Published by: Sydney Film Festival | 13-May-2019
The 66th Sydney Film Festival in partnership with Screen Australia's Indigenous Department proudly continues its celebration of First Nation storytelling from Australia and around the world in 2019.
"The Festival continues a commitment to showcasing First Nation filmmakers and storytelling, from Australia and around the world," said Festival Director Nashen Moodley. "From a portmanteau feature film by nine women filmmakers from the South Pacific, to documentaries on two hugely influential Indigenous screen icons, this year's program of First Nations films is overflowing with diverse ideas and themes, unique perspectives and traditional stories."

"We're proud to continue our partnership with Sydney Film Festival to showcase a diversity of projects from Indigenous filmmakers. It is vital Indigenous people continue to be seen and heard across a variety of storytelling platforms and it's fantastic to see documentaries featured that explore important environmental issues and inspiring individuals including Alfreda Glynn," said Penny Smallacombe, Head of Indigenous at Screen Australia.

"Supporting new talent is at the heart of what we do and there is a really exciting crop of emerging filmmakers whose projects will be on display in the Indigenous horror anthology Dark Place, and the five short films from our Short Blacks initiative which we ran in partnership ABC," she said.

Leading the pack of Australian films screening are: Erica Glynn's She Who Must Be Obeyed Loved, about trailblazing Indigenous filmmaker Alfreda Glynn; the World Premiere of two documentaries from Screen Australia's State of Alarm initiative about traditional Indigenous practices in environmental protection, Warburdar Bununu: Water Shield and Saving Seagrass; and, another World Premiere, Dark Place, an Indigenous horror anthology with five twisted short tales from five Indigenous filmmakers.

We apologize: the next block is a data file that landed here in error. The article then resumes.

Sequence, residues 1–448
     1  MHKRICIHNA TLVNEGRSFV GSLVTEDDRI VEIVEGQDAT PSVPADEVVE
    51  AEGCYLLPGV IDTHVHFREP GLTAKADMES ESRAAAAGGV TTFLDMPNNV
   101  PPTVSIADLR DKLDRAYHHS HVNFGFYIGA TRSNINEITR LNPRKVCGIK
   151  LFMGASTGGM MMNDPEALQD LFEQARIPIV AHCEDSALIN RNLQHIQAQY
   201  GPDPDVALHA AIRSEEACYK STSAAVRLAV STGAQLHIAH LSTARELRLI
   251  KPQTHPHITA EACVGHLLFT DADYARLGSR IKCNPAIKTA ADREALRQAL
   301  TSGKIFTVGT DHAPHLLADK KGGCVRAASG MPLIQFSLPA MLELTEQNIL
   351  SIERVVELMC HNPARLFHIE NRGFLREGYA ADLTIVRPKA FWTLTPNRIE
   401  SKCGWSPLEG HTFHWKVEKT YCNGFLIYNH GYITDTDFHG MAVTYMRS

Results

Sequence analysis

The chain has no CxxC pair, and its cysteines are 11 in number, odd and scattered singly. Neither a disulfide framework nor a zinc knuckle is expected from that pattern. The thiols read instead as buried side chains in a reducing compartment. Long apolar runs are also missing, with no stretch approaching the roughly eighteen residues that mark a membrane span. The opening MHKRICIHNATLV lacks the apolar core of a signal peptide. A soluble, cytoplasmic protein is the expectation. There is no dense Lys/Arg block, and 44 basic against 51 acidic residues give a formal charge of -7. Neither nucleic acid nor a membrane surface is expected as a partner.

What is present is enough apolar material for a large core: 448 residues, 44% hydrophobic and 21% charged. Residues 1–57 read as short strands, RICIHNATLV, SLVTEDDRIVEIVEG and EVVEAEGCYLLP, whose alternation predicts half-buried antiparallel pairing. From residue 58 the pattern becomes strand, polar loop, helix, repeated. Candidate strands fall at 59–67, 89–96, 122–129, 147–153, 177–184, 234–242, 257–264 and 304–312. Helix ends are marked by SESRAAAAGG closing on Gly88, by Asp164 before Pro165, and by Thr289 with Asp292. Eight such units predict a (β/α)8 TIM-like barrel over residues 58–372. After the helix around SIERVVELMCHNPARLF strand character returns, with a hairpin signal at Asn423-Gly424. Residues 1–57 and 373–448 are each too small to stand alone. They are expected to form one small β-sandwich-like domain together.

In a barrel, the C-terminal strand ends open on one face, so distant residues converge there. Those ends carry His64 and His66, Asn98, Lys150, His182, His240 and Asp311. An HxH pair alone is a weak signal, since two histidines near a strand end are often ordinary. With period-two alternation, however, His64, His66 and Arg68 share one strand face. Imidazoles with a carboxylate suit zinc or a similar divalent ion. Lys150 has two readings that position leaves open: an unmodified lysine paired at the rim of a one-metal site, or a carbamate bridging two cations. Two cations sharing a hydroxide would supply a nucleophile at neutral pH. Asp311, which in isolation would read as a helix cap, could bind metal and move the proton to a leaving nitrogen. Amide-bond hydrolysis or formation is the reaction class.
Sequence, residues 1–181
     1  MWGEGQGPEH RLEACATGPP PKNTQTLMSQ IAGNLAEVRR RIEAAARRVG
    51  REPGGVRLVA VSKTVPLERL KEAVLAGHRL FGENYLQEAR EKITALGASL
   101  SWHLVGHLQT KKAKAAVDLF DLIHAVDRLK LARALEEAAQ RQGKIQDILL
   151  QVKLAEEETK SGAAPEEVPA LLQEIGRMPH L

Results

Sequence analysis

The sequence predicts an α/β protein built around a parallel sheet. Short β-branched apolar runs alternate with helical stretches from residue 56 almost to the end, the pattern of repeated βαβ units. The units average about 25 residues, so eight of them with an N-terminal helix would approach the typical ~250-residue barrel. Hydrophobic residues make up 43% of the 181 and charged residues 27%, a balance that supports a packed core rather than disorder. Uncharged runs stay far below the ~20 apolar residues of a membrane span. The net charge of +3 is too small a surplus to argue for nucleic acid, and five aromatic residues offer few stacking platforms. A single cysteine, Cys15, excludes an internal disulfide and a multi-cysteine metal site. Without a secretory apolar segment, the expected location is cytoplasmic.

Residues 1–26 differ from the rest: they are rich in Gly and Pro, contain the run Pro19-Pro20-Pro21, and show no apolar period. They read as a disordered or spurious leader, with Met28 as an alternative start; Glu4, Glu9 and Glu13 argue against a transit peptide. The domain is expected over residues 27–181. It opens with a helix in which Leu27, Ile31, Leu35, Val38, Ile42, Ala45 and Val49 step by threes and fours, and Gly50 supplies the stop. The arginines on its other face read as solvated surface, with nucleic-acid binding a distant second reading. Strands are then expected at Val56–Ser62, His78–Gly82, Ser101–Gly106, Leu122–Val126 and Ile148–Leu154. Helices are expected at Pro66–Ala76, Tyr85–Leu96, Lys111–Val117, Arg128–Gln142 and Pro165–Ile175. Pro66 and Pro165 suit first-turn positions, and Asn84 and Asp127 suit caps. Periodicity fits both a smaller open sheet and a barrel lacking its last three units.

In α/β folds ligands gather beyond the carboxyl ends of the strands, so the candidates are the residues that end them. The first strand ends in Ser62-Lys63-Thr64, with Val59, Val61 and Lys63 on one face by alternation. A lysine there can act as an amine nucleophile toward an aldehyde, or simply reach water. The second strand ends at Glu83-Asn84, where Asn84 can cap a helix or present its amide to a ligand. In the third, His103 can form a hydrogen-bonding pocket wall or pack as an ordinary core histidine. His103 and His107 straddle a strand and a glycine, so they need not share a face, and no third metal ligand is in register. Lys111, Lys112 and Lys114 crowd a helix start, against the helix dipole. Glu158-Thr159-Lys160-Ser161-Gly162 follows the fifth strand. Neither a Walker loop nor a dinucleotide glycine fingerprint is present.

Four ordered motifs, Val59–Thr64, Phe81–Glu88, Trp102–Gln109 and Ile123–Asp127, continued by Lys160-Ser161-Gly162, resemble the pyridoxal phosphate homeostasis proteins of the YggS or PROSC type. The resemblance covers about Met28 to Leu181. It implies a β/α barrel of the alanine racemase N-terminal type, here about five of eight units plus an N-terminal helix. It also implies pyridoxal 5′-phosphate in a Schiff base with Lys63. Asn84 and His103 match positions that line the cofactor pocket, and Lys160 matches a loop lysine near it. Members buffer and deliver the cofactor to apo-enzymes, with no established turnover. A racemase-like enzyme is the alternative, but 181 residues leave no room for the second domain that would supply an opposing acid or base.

First Nation stories from around the world are: Merata: How Mum Decolonised the Screen, a portrait of trailblazing Māori filmmaker Merata Mita, reportedly the first Indigenous woman to direct a feature film; and eight-part portmanteau film Vai, about an imaginary figure encompassing every woman of every age, by nine women filmmakers from the South Pacific (both also screening as part of Focus on New Zealand); and from Canada-Norway, feature film, The Body Remembers When the World Broke Open, about a chance encounter between two Indigenous women on a Vancouver street.

The Festival will also premiere nine short films by Indigenous filmmakers. Australian shorts include Between Two Lines, Doug The Human; Elders; Shed, and Ties that Bind; and New Zealand short films by Māori filmmakers include: The Gravedigger of Kapu; Hinekura; A Matter of Time; and Rū.

Screening in the Festival's Essential Australian Women Directors - 10 Trailblazers Selected by David Stratton program is Bedevil (1993) - the first and only feature by Indigenous artist and photographer Tracey Moffatt.

Attending as guests will be: Erica Glynn (She Who Must Be Obeyed Loved) alongside her mother and film subject Freda Glynn; director Heperi Mita and producer Chelsea Winstanley (Merata: How Mum

Decolonised the Screen); five of the nine directors of Vai: Becs Arahanga, Matasila Freshwater, Marina Alofagia McCartney, Nicole Whippy and Sharon Whippy; and the five Dark Place short film directors: Björn Stewart, Perun Bonser, Kodie Bedford, Liam Phillips, and Rob Braslin.

Hosted by UNSW Arts & Social Sciences, talk The Work of Freda Glynn and Merata Mita will feature filmmakers behind She Who Must Be Obeyed Loved and Merata: How Mum Decolonised the Screen discussing the ground breaking work of these two trailblazers at the Festival Hub (Friday 14 June, 8:15pm).

The full Sydney Film Festival 2019 program can be found online at

Sydney Film Festival runs 5 - 16 June 2019. Tickets for Sydney Film Festival 2019 are on sale now. Please call 1300 733 733 or visit for more information.

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